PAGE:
Nubia region, in the utmost southern tip of Egypt, includes a large number of Egyptian temples that were built during the eras of the New Kingdom of Ancient Egypt and the Greek and Roman eras.
King Ramses II alone built 7 temples in the region, including 6 in the west of the Nile River and a temple in the east of the river.
The International Campaign to Save the Antiquities of Nubia is the largest campaign to save cultural heritage, through the solidarity of the international community with Egypt and UNESCO to preserve cultural heritage sites for the sake of humanity.
As these the archeological sites came under threat from the high level of the Nile River, after the construction of the Aswan High Dam.
Save Nubian Temples Campaign:
The campaign began in March 1960. It was completed on March 10, 1980, by a multinational team that included archaeologists, engineers, and skilled heavy equipment operators.
The International Campaign to Save the Monuments of Nubia began its work from the year 1960 and ended in March 1980 AD, and it saved all the Egyptian temples in the Nubia region, and 4 temple complexes were established, the first of which is the Kalabsha Island area, which includes the Kalabsha Temple, the Jurf Hussein Temple, the Bait Al-Wali Temple, the Qortasi Palace.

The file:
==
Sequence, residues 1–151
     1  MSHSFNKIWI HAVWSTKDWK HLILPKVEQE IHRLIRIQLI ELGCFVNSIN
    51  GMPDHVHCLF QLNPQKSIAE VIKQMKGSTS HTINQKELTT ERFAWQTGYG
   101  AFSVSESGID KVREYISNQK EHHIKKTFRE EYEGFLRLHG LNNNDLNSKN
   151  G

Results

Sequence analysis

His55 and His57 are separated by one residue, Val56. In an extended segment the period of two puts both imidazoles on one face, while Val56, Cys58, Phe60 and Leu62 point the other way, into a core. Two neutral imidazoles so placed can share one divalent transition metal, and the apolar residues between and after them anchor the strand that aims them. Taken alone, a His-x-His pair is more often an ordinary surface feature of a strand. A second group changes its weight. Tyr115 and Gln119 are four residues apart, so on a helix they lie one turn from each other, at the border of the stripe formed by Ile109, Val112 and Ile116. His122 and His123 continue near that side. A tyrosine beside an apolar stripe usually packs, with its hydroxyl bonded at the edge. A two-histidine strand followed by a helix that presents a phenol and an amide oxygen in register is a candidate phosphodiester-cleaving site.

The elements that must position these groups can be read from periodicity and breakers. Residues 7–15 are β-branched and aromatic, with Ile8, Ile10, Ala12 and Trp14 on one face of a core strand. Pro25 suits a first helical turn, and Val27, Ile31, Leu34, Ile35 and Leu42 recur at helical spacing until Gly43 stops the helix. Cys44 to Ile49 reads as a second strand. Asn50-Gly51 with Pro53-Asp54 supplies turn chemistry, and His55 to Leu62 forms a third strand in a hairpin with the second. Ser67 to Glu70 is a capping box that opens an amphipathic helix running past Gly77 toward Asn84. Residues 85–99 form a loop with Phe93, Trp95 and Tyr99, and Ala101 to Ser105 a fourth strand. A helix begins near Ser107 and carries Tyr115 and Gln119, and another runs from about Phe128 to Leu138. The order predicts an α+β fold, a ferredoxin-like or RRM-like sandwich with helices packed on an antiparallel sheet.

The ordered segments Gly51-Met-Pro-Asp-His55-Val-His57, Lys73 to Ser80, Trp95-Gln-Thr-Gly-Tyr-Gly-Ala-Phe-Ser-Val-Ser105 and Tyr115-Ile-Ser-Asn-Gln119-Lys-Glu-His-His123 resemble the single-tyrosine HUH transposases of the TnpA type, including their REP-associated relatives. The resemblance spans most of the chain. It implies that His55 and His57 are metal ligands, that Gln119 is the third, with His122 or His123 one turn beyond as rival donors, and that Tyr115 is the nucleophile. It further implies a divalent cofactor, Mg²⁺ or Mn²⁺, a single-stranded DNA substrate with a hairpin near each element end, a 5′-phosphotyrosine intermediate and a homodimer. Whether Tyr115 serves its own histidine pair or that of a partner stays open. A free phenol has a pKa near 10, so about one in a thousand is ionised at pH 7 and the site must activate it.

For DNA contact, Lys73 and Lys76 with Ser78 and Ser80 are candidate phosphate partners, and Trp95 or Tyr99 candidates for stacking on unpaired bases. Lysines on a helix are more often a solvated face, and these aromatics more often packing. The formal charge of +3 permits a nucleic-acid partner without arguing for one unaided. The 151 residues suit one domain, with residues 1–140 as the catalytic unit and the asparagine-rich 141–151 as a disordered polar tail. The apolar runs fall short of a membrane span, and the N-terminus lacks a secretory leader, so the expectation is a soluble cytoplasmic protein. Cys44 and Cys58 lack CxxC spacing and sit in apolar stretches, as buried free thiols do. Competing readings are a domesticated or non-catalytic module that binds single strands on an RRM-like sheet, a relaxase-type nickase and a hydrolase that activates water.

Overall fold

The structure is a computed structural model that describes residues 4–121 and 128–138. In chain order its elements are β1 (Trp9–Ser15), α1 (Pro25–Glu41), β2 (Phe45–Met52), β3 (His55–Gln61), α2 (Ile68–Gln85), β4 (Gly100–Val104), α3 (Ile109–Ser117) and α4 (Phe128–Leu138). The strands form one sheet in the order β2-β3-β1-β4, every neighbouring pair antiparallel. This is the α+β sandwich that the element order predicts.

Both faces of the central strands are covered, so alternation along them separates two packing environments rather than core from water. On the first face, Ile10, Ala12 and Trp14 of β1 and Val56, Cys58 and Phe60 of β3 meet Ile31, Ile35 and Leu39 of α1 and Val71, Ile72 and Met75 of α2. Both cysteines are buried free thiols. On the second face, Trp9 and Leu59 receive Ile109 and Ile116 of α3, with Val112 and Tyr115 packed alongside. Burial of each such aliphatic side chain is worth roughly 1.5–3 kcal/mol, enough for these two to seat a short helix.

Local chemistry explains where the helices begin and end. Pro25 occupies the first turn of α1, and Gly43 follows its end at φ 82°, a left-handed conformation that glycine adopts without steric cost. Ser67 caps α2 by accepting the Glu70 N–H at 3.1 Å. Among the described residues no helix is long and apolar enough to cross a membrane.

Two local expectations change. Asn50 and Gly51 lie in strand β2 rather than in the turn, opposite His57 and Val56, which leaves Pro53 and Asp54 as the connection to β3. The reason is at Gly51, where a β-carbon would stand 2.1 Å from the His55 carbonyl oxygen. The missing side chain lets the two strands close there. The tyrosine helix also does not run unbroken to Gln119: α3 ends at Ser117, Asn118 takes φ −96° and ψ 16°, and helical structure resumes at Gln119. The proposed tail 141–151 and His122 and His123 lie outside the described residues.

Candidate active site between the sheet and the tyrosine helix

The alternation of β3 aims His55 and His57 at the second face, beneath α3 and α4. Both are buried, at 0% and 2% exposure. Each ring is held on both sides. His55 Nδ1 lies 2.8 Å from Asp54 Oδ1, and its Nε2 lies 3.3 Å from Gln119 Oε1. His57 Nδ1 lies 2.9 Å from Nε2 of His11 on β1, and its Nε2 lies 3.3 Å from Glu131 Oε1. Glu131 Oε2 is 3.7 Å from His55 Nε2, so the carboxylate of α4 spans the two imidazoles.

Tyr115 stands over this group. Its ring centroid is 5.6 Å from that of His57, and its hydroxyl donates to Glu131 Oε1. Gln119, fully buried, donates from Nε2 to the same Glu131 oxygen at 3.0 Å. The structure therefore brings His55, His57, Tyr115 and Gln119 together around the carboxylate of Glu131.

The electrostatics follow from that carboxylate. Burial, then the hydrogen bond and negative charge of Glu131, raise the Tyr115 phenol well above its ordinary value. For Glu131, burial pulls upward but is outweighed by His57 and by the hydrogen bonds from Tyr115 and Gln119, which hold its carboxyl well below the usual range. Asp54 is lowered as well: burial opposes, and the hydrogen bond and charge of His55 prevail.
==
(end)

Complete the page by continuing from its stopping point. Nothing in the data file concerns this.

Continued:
And the second group of temples was located 150 kilometers south of the city of Aswan, and on the banks of Lake Nasser, a new area was built and included the temples of Wadi El-Seboua, Dakka and the Muharraqa.
The third set of temples was located 190 km south of Aswan in the name of “Amda al-Jadidah” and included the temples of Amda , al-Dakka and the cemetery of Bnut. The fourth group is the Abu Simbel temples.
Contributed by Ahmed Moamar